The flight turned out to be quite interesting and with just enough time between dropsondes to have a quick look at the data and sometimes a discussion. It turned out that the cyclone was located farther west than predicted by the models and the dropsonde that most likely fell into its centre showed surface pressure of 948hPa. The UK LAM was predicting 954hPa pressure at 12Z, about two hours later. Flying into the cold front on the way back was quite exciting, but as we were at the top of the clouds there was very little turbulence associated with it.
The mission, as many other GFDex missions, broke some records: This was the longest science flight of the BAe 146: 6h 9m 48s with distance flown about 1850nm. This was also probably the first time that women outnumbered men on board, six against four.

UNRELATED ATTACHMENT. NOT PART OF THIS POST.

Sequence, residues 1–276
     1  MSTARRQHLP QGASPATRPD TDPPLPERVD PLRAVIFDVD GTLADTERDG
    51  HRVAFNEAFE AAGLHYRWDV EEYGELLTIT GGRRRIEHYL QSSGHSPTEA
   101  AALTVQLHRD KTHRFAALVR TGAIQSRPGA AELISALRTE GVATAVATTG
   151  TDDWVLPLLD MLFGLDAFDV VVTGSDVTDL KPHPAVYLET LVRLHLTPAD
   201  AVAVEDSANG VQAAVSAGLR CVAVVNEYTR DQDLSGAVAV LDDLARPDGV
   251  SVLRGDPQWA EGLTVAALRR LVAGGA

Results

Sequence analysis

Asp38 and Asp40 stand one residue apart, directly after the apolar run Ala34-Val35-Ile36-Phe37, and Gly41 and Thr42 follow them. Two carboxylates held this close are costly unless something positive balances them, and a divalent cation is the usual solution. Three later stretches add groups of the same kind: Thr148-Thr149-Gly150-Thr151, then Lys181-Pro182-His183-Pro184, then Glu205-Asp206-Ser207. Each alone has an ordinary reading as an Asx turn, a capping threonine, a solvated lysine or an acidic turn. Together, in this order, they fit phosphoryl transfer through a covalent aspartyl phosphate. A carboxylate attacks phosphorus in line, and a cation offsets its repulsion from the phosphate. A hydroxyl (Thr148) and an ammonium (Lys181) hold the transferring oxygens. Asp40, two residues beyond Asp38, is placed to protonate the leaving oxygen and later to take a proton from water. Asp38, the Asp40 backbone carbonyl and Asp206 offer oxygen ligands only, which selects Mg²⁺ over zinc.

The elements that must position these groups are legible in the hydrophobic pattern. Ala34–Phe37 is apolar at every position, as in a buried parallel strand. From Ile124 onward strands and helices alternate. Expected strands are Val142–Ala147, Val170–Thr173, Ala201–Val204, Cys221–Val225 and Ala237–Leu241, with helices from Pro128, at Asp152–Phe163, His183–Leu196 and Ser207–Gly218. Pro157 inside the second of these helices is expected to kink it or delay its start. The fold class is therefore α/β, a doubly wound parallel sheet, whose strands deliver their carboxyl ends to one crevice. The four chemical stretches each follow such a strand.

The end of campaign dinner in the evening incorporated the GFDex Awards Ceremony, or the GAFTAS as Alan W called it. To name some of the awards: The best Icelandic hat (Ian), the 'it must be in the hold' (Nína), the best plot (Tadayasu) and most hours spend in front a computer (quite a lot of nominees). Ian received a book with photos of Icelandic people as well as a novel by Iceland's Nobel price winner Halldór Kiljan Laxnes in gratitude for all his hard work in organizing the field campaign. The GFDex-ers had a great view of proper Icelandic winter weather, horizontal rain and hail, as they enjoyed good food and good company celebrating a great GFDex field campaign.
Thanks to everyone that participated in making this such a great campaign!